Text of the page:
LINCOLN, Neb. – How can breed associations position seedstock producers to better serve their commercial customers? The answer proposed by the American Gelbvieh Association (AGA) is the identification of genetically superior beef cattle – sooner, with fewer generational intervals, and definitively.
In an upcoming September 7, 7:00 p.m. central standard time webinar, Genomics: Improving the U.S. Cowherd, Dr. Matt Spangler, beef genetics specialist for the University of Nebraska-Lincoln, will share his research and insights on the merits of collecting genomic information.
“We can genotype young animals and increase the accuracy of their predictions, or EPDs, to the same level as if they already had 10 offspring. We can increase an animal’s EPD accuracy and decrease their generation interval, or the average age of the parents when the next generation is born. Those two things together allow beef producers to make faster genetic gains,” he says.
The one-hour webinar will focus on the basics of genomics, different testing opportunities, getting started: from which test to select to how to best apply the animal data, and wrap with a live Q&A session with Dr. Matt Spangler.
“Weights, carcass and fertility are on the mind are on the mind of every commercial producer when they purchase a seedstock animal,” says Megan Slater, AGA executive director. “The goal of this webinar is to help provide resources on the importance of genomics and equipping producers with the tools needed to better leverage the technology for more desirable phenotypes, to ultimately help maximize profitability and resources.”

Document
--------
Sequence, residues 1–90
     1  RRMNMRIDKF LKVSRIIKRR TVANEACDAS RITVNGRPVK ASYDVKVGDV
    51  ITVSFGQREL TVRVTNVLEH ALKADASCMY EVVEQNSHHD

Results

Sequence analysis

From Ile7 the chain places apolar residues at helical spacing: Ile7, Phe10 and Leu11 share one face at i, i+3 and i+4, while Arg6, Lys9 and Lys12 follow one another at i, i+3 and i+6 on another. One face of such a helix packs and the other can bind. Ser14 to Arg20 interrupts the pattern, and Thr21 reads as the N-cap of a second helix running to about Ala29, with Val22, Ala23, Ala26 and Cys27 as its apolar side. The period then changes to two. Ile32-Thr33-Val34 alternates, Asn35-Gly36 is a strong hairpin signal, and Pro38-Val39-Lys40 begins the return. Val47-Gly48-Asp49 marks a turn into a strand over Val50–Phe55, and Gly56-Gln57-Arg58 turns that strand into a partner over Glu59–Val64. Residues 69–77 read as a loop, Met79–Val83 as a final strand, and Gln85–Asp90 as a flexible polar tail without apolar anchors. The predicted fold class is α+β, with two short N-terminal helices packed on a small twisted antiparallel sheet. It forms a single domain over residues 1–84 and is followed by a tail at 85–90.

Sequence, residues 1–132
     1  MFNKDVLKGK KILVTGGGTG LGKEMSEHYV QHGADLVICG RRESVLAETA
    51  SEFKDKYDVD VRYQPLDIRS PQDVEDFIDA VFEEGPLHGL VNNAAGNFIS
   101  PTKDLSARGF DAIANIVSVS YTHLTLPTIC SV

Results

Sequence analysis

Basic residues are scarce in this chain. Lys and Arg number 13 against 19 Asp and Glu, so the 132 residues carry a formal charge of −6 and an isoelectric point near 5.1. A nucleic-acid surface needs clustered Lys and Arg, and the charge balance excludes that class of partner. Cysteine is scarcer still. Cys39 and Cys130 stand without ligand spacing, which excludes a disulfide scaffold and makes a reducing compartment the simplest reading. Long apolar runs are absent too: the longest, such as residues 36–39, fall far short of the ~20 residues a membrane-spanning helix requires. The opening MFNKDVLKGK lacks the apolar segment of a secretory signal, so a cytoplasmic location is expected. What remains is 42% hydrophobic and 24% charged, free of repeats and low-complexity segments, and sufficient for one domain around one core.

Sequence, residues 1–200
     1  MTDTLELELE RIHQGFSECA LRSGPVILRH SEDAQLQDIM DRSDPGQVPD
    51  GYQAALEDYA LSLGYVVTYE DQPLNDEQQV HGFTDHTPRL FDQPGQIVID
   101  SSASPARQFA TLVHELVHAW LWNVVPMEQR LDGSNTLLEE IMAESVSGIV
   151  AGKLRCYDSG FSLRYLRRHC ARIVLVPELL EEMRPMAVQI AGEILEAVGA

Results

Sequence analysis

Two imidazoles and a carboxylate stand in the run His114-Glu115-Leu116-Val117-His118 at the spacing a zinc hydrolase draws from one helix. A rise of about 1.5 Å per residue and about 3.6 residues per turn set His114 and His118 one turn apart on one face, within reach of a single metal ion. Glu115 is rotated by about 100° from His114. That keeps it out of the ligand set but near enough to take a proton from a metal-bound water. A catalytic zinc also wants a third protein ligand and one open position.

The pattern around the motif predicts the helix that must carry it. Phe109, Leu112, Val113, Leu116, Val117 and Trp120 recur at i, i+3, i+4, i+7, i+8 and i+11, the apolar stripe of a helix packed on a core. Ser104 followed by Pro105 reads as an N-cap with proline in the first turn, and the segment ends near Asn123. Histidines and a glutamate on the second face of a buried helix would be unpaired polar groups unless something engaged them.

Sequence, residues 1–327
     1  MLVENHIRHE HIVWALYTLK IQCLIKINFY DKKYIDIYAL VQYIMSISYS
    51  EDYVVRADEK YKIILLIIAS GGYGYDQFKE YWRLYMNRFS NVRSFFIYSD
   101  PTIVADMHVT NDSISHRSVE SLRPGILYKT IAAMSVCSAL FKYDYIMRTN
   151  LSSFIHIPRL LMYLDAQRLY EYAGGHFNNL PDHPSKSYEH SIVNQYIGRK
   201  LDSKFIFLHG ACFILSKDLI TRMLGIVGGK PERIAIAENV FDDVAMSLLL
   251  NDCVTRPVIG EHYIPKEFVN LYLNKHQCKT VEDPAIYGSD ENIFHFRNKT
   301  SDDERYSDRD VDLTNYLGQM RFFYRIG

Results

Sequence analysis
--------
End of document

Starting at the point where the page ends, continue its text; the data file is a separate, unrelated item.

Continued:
The webinar adds to the ongoing educational efforts of the AGA in helping familiarize members and stakeholders with the resources they need to best utilize technology and new practices for their own herd.
Register for the upcoming webinar; Genomics: Improving the U.S. Cowherd here. To learn more about leveraging genomic testing for your herd, visit www.gelbvieh.org or reach out to the office at 303-465-2333.
The American Gelbvieh Association is a progressive beef cattle breed association representing 1,100 members and approximately 40,000 cows assessed annually in a performance-oriented total herd reporting system.